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Venezuela: Crowding out the opposition

By Javier Corrales and Michael Penfold

For the past few years, Venezuela’s President Hugo Chávez Frías has enjoyed a favorable political situation at home. Economic growth, fuel­ed by rising oil prices, has been spectacular since 2003. Chávez and his allies have won four decisive electoral victories since 2004, the most recent being his sweeping 63 percent walk to a fresh six-year term in the December 2006 presidential race. And since 2005, the opposition has become increasingly tame, while street turmoil is on the decline and seldom results in violence. In addition, Chávez has achieved complete control of all check-and-balance institutions, including the unicameral National Assembly, which after the opposition boycott of the December 2005 elections now contains not a single opposition legislator. These political advantages would be the envy of any world leader. And yet, Chávez has been governing as if Venezuela faces some kind of emergency. He has been busily concentrating more authority, even receiv­ing a grant from the National Assembly of “enabling powers” to rule by presidential decree for eighteen months starting in February 2007.

How did a movement that began in 1998 as a grassroots effort to bring democracy back to the masses turn into a drive to empower the executive branch at the expense of every other actor? The acceleration of authoritarianism in Venezuela cannot be explained by recourse to functional theories. These theories, which draw on Guillermo O’Donnell’s famous explanation of the origins of bureaucratic authori­tarianism in 1960s Latin America, posit that authoritarianism grows out of chronic governability crises which prompt actors—whether in office or opposition—to seize and centralize power in order to cope with dire circumstances.1 Prior to 2004, one could argue that Venezuela was suf­fering from a governability crisis—albeit one that was likely at least partly fabricated—and that this crisis might justify some of Chávez’s increasing concentration of powers. Since 2004, however, Chávez has had almost no reason to feel politically threatened or encumbered yet has notoriously leaped in the direction of authoritarianism.

A necessary condition for this leap has been what Nancy Bermeo would call “elite intentions”—that is, the ideologies of elected politi­cians as well as their “misreadings” of the preferences of larger constitu­encies.2 But motive alone is not sufficient; means and opportunity are needed as well. In Chávez’s Venezuela, these have come in the form of economic resources at the state’s disposal together with weakened in­stitutions of representation. In addition, it is crucial to underscore the president’s deliberate political strategies: his use of polarization, clien­telism, offers of the opportunity to engage in corruption with impunity, and discrimination in favor of supporters when filling government-con­trolled jobs coupled with threats to see to it that foes are fired. A review of key moments in Venezuela’s transition toward authoritarianism will make it easier to see how state resources both tangible and intangible can interact with rising authoritarianism.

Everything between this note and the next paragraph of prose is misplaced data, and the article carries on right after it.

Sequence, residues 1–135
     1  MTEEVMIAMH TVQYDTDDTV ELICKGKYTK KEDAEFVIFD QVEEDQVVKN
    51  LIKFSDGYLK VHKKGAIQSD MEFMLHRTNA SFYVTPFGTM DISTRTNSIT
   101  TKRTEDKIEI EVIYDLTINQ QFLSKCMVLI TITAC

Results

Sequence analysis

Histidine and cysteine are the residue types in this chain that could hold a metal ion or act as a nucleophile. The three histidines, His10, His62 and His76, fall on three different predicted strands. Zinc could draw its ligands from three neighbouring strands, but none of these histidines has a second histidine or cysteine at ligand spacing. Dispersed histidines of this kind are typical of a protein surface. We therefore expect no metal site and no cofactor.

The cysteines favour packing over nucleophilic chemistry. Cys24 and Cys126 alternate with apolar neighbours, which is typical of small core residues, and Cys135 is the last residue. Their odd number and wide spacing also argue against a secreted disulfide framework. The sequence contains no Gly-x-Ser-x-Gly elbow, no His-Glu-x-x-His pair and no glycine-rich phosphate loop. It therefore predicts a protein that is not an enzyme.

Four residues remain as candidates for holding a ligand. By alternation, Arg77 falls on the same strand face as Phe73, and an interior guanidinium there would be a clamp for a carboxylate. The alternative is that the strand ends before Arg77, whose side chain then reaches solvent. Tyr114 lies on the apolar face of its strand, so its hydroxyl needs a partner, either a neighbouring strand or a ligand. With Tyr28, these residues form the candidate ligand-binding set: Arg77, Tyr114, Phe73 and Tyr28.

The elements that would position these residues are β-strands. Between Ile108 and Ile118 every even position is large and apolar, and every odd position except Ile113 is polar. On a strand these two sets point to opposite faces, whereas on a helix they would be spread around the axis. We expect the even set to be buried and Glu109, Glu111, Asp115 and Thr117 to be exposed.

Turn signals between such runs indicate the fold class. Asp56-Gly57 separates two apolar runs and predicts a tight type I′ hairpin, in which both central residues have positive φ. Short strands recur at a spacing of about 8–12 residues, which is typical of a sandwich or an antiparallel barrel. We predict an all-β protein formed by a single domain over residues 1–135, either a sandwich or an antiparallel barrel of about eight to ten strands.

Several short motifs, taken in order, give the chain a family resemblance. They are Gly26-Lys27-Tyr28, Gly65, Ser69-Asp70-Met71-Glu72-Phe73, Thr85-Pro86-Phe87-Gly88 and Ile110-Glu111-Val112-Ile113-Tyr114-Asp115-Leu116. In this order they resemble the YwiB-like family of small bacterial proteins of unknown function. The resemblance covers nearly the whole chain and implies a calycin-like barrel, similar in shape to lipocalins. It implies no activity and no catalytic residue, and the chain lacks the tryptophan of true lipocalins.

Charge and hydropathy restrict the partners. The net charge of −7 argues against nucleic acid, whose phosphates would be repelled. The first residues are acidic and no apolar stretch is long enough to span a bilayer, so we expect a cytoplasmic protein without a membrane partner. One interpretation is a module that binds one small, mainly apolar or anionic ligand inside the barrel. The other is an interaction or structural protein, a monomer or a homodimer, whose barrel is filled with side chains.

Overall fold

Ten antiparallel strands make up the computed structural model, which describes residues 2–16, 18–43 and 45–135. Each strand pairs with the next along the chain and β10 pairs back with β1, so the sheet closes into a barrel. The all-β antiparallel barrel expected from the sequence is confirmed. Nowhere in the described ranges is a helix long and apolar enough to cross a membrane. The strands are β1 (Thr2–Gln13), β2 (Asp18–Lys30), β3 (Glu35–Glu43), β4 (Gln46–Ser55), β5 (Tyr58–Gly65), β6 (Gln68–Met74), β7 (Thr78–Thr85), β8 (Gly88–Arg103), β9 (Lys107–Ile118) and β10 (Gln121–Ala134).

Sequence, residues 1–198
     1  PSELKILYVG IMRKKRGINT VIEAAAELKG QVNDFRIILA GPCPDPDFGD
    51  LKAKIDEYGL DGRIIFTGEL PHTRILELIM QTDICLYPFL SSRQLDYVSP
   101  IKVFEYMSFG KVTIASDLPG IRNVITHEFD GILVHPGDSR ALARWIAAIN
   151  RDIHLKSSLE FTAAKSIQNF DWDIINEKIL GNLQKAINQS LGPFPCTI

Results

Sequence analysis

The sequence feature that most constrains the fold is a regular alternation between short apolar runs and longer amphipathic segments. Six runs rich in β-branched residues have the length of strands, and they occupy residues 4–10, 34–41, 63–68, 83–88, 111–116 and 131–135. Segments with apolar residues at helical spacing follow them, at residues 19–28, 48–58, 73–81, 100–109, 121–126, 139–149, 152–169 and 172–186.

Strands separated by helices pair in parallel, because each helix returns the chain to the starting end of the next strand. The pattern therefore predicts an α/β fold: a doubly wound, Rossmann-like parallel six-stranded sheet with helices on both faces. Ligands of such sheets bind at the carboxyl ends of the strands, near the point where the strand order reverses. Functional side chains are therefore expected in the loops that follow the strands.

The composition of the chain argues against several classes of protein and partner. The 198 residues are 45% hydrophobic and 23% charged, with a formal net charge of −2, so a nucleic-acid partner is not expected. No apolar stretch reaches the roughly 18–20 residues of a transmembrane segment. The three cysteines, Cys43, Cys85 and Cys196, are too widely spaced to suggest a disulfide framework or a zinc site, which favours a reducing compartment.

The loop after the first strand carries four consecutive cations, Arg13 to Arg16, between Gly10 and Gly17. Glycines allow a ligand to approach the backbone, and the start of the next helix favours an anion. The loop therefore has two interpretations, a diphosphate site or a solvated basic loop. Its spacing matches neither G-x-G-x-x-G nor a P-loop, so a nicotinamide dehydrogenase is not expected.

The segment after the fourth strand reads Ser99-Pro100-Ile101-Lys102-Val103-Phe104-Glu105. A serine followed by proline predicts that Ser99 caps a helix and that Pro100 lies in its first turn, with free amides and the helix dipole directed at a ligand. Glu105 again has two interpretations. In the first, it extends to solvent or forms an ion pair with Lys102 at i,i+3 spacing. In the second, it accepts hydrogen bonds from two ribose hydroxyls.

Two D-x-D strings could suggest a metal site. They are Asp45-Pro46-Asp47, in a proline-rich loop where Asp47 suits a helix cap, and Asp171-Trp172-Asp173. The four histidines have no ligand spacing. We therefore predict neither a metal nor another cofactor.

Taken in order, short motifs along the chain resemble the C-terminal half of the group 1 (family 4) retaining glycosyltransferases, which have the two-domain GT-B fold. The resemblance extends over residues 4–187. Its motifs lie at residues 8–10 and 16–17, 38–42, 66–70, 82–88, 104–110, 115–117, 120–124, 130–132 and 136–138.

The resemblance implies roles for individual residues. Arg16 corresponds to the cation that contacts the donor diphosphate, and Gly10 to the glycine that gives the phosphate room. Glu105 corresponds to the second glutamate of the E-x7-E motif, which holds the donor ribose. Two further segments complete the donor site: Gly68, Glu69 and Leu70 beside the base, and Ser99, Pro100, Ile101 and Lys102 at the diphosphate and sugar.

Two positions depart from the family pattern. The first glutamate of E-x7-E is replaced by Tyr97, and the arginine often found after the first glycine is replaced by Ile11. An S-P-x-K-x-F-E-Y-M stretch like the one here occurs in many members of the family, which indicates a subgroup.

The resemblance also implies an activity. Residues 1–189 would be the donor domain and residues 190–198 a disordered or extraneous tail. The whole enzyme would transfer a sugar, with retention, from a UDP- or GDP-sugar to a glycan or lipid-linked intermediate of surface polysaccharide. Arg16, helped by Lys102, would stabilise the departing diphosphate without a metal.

Venezuela’s New Political Regime

Chávez never tires of proclaiming a commitment to participatory rather than liberal democracy. He is right that Venezuela is moving away from liberal democracy, but he is not replacing it with more par­ticipation. Instead, Chávez is creating what many classical-liberal think­ers feared most: a quasi-tyranny of the majority. The Chávez regime has emerged as an example of how leaders can exploit both state resources and the public’s widespread desire for change to crowd out the opposi­tion, and, by extension, democracy.

Between 1999 and 2003, the rise of authoritarianism in Venezuela followed a consistent pattern: The government would target institutions almost one at a time, attempting to strip each of power in turn. The opposition would protest, and the government would answer by becom­ing more hard-line and exclusionary.3 Starting in late 2003, this game took a turn as the government wheeled out a fresh tactic—heavy bar­rages of state spending aimed at rewarding loyalists and punishing dis­sidents. This new artillery, as we will show, left the opposition disarmed.

Chávez, a former army lieutenant-colonel who had spent time in jail for leading a 1992 coup attempt, began the process of regime change with the rewriting of the constitution shortly after he won his first presi­dential election in December 1998. He could have started by focusing on the flagging economy, but instead aimed to rewrite the rules governing relations among the branches of government in order to make the presidency stronger. In what is now becoming a trend in the region, Chávez began 1999 by appealing to voters’ widespread antiparty feel­ings and convoking a National Constituent Assembly explicitly de­signed to kill the partidocracia (party dominance) that had character­ized Venezuelan politics since the late 1960s. The weakening of the nonexecutive branches he sold as a means of “stabbing to death” the “moribund” traditional parties that were holding onto power within and through those branches

Chávez’s first conquest was to ensure himself overwhelming control of the Constituent Assembly. He did this by manipulating a self-serving system for selecting delegates (elections were by plurality and took place within districts of varying sizes at the state level) through a clever nomination strategy that rationed candidates from his coalition across districts and coordinated the vote from his supporters using ad-hoc lists (known as “kino cardboards”) which helped to identify official candi­dates with the adequate numbers for each district.